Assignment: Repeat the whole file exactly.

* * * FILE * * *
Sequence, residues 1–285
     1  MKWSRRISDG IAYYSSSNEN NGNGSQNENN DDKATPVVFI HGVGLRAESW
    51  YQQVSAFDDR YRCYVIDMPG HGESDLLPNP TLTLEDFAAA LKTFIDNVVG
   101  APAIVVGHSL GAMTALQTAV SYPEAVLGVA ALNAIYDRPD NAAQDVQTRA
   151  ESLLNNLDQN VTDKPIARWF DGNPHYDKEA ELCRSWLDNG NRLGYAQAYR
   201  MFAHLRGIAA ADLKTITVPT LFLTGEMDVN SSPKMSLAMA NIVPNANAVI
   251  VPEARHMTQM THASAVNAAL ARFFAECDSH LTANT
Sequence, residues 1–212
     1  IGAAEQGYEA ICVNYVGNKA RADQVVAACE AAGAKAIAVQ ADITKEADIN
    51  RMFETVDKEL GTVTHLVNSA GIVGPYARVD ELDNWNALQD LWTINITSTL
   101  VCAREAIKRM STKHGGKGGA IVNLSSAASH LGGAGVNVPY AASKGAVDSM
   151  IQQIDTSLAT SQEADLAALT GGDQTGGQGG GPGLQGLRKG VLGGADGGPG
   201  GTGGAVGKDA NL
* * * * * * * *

Sequence, residues 1–285
     1  MKWSRRISDG IAYYSSSNEN NGNGSQNENN DDKATPVVFI HGVGLRAESW
    51  YQQVSAFDDR YRCYVIDMPG HGESDLLPNP TLTLEDFAAA LKTFIDNVVG
   101  APAIVVGHSL GAMTALQTAV SYPEAVLGVA ALNAIYDRPD NAAQDVQTRA
   151  ESLLNNLDQN VTDKPIARWF DGNPHYDKEA ELCRSWLDNG NRLGYAQAYR
   201  MFAHLRGIAA ADLKTITVPT LFLTGEMDVN SSPKMSLAMA NIVPNANAVI
   251  VPEARHMTQM THASAVNAAL ARFFAECDSH LTANT
Sequence, residues 1–212
     1  IGAAEQGYEA ICVNYVGNKA RADQVVAACE AAGAKAIAVQ ADITKEADIN
    51  RMFETVDKEL GTVTHLVNSA GIVGPYARVD ELDNWNALQD LWTINITSTL
   101  VCAREAIKRM STKHGGKGGA IVNLSSAASH LGGAGVNVPY AASKGAVDSM
   151  IQQIDTSLAT SQEADLAALT GGDQTGGQGG GPGLQGLRKG VLGGADGGPG
   201  GTGGAVGKDA NL